Arrow-right Camera
A&E >  Music

Deer Tick embraces acoustic, electric interests on “Vol. 1” and “Vol. 2”

Rhode Island’s Deer Tick were between a rock and a folk place.

They had a batch of acoustic songs and a batch of electric songs, but while they were both solid collections on their own, they weren’t playing well together when the band thought about sequencing an album.

Sure, the band – singer/guitarist John McCauley, guitarist Ian O’Neil, bassist Christopher Ryan and drummer Dennis Ryan – could have reworked one batch to better fit the other, or they could have scrapped one sound altogether.

But instead of letting all that hard work go to waste, the quartet decided to embrace the disparity.

In September, Deer Tick released “Deer Tick Vol. 1” and “Deer Tick Vol. 2.”

The acoustic “Vol. 1” is the Americana/folk listeners have come to expect, while the electric “Vol. 2” finds the band fully embracing the garage-rock sound that has permeated songs here and there in recent years.

The band will give both genres a turn in the spotlight, performing two sets, one acoustic and one electric, during “Twice is Nice: An Evening with Deer Tick” at the Bartlett on Thursday.

The band had the idea to release two separate albums before entering the studio. They thought about releasing mini-albums, but with 80 percent of the songs that would end up on “Vol. 1” and “Vol. 2” together before the band began to record, plus the material written in the studio, they had more than enough material for the two 10-track albums.

“We actually did cut songs off of it already, so we would have been more surgical if we had to,” O’Neil said during a day off in Madison, Wisconsin.

The band had so much material thanks, oddly enough, to spending time apart.

During the three years between 2013’s “Negativity” and last year’s Newport Folk Festival, the quartet focused most of their time on other projects.

After the band performed at the annual festival’s after-parties at the Newport Blues Cafe, O’Neil said they felt rejuvenated and decided to set some time aside for Deer Tick.

“A lot of stuff probably started to come to fruition on each songwriter’s personal basis a little bit, and we started to see where the actual motivation (was)… and what we could do with them,” he said. “After that, I think it really gave us a lot of incentive to really work really hard when we got back into the studio.”

The band took it easy when it entered the studio, recording the songs they were most familiar with first to get back into the groove.

With those songs, some of which were around two years old, out of the way, the band found room to experiment.

“We got to be able to explore and change some of the arrangements as time went on because we had gotten more comfortable with playing with each other and playing in that studio space,” O’Neil said.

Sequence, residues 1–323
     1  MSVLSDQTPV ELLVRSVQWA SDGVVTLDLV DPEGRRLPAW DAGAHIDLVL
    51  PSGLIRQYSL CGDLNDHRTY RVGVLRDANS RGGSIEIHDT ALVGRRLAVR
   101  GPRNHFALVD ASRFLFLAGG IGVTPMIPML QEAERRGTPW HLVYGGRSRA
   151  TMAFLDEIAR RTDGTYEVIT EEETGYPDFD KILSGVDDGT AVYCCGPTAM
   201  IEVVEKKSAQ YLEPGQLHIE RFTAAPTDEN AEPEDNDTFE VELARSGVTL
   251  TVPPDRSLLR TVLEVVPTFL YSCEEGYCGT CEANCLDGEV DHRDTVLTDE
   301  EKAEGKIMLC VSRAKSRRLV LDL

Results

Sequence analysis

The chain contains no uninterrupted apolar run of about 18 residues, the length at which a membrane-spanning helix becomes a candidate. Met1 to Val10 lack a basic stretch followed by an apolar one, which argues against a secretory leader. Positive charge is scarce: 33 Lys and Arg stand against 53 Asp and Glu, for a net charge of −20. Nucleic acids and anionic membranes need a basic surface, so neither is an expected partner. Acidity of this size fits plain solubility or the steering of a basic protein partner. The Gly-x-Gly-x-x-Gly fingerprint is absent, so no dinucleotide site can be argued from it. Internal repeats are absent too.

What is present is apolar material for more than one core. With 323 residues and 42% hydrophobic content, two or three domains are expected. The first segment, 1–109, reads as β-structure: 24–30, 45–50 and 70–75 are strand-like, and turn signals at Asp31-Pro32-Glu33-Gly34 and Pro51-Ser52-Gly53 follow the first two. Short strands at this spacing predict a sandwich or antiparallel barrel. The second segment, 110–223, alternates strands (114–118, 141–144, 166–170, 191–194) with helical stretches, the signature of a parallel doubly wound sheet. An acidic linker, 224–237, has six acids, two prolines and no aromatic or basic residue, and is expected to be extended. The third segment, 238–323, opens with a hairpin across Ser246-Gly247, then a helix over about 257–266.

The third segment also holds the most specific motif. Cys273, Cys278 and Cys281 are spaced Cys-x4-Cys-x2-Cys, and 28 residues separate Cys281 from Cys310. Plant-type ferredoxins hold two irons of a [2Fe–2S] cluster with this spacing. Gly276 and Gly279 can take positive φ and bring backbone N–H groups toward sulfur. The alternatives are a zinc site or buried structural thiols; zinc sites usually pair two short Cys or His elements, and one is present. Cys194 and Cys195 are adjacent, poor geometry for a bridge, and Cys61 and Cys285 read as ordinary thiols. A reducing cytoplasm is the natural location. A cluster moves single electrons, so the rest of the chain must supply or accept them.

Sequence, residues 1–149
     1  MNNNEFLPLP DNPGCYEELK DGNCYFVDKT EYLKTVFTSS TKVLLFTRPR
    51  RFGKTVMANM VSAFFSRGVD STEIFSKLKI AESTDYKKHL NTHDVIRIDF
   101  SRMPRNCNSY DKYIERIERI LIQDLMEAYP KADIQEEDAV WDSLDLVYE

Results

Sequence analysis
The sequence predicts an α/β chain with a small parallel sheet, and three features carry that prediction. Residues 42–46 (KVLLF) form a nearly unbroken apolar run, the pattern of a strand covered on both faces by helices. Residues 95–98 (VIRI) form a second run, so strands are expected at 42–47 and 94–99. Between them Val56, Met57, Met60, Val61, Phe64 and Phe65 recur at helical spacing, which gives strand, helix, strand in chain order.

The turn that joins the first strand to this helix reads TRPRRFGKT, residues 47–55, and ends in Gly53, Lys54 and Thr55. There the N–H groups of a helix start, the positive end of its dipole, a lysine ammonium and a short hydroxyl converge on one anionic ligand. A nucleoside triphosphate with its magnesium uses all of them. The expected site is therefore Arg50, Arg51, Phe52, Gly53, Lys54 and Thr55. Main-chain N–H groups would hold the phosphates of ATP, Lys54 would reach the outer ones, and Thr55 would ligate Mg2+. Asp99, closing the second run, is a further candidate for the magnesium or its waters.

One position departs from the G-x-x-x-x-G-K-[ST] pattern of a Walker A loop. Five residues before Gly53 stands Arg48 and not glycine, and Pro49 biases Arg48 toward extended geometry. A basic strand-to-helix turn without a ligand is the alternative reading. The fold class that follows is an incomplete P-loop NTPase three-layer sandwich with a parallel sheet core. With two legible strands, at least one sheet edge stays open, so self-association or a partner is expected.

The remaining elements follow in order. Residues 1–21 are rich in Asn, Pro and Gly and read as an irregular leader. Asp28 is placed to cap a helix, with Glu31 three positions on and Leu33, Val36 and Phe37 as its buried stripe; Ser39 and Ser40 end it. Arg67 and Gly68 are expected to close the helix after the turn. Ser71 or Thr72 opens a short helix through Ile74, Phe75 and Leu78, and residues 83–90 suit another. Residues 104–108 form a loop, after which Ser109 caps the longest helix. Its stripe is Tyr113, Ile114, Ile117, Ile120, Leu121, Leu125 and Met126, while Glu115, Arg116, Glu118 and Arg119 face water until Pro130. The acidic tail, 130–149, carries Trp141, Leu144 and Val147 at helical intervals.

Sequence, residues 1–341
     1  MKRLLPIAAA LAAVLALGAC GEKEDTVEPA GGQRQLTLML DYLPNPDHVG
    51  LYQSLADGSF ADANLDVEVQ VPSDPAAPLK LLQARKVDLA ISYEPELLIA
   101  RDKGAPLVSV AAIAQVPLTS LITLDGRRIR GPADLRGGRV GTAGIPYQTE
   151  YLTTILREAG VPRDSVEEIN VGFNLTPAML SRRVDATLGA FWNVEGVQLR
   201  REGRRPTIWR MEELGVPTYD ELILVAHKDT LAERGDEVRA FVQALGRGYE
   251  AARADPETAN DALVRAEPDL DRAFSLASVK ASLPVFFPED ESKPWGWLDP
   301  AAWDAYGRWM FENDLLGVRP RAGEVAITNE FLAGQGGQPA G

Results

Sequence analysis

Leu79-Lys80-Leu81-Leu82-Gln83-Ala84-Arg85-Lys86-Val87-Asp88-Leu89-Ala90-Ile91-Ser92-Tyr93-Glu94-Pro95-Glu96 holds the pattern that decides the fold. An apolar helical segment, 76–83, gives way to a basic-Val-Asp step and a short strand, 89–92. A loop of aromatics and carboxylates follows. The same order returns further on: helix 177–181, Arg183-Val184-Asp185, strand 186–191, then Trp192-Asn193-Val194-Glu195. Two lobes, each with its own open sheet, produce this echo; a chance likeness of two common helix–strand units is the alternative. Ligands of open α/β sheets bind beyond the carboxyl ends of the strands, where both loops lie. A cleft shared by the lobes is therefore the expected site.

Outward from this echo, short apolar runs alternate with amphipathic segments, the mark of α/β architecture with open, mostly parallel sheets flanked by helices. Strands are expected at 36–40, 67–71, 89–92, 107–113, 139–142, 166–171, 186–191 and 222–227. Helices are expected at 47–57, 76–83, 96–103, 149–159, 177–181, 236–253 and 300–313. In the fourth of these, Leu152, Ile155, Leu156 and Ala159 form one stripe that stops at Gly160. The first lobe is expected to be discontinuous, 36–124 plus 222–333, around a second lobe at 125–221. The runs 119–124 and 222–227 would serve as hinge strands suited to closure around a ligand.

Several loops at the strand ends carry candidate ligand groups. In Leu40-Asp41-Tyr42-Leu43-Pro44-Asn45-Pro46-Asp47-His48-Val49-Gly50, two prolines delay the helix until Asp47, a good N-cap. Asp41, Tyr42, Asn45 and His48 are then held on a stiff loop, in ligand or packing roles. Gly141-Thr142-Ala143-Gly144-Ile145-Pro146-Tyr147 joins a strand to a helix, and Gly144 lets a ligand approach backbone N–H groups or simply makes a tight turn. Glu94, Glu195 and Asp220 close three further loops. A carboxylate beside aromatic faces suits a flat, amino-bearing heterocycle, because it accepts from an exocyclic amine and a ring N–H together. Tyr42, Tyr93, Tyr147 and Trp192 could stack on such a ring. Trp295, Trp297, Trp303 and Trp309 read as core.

While working on “Vol. 1” and “Vol. 2,” the band expected that fans might latch onto one volume more than the other.

In recent years, O’Neil said fans have been confused by the band’s louder tracks, preferring its quieter tunes. Only recently, he said, have they started to understand 2011’s “Divine Providence,” which is more raucous than the band’s earlier releases.

“I think we’re always going to be a little out of step with what our fans are expecting or wanting from us,” O’Neil said. “But that’s one of the reasons why we decided to deal in both styles, so we could please ourselves and not make any concessions for ourselves.

“But also we understand that there’s certain aspects of both of our sounds that different kinds of fans like. That’s a result of being as schizophrenic as we can be.”

If fans feel like “Deer Tick Vol. 1” and “Deer Tick Vol. 2” come from two different bands, they’re not entirely alone.

Though O’Neil said it doesn’t feel like two completely different bands to him, he does feel like he’s in two bands with the same people, noting he thinks the difference in sound is dictated by the people, not the instrumentation.

“It does feel like the same exact people, it just feels like we’re in a different line of work at the beginning of the night than we are at the end of the night,” he said.

Marking this transition, the band changes outfits between sets, which O’Neil said helps the band’s frame of mind when moving from one genre to the other.

Although the band is playing an acoustic and electric set, the quartet isn’t playing “Vol. 1” and “Vol. 2” in full, but rather mixing new material with songs from throughout its discography, some of which were reworked for a 2016 acoustic tour.

The band also learned 12 to 15 new covers to play when they feel so inspired and hopes to perform every song from its discography by the end of the “Twice is Nice” tour, an ambitious goal that marks a band that has definitely gotten back into the groove.

“We want to do everything over the next month,” O’Neil said. “We have a touring keyboard player named Gabe, but the rest of us have been doing this together for so long that we can jump into anything with each other pretty easily.”


Subscribe to the Spokane7 email newsletter

Get the day's top entertainment headlines delivered to your inbox every morning.

There was a problem subscribing you to the newsletter. Double check your email and try again, or email webteam@spokesman.com

You have been successfully subscribed!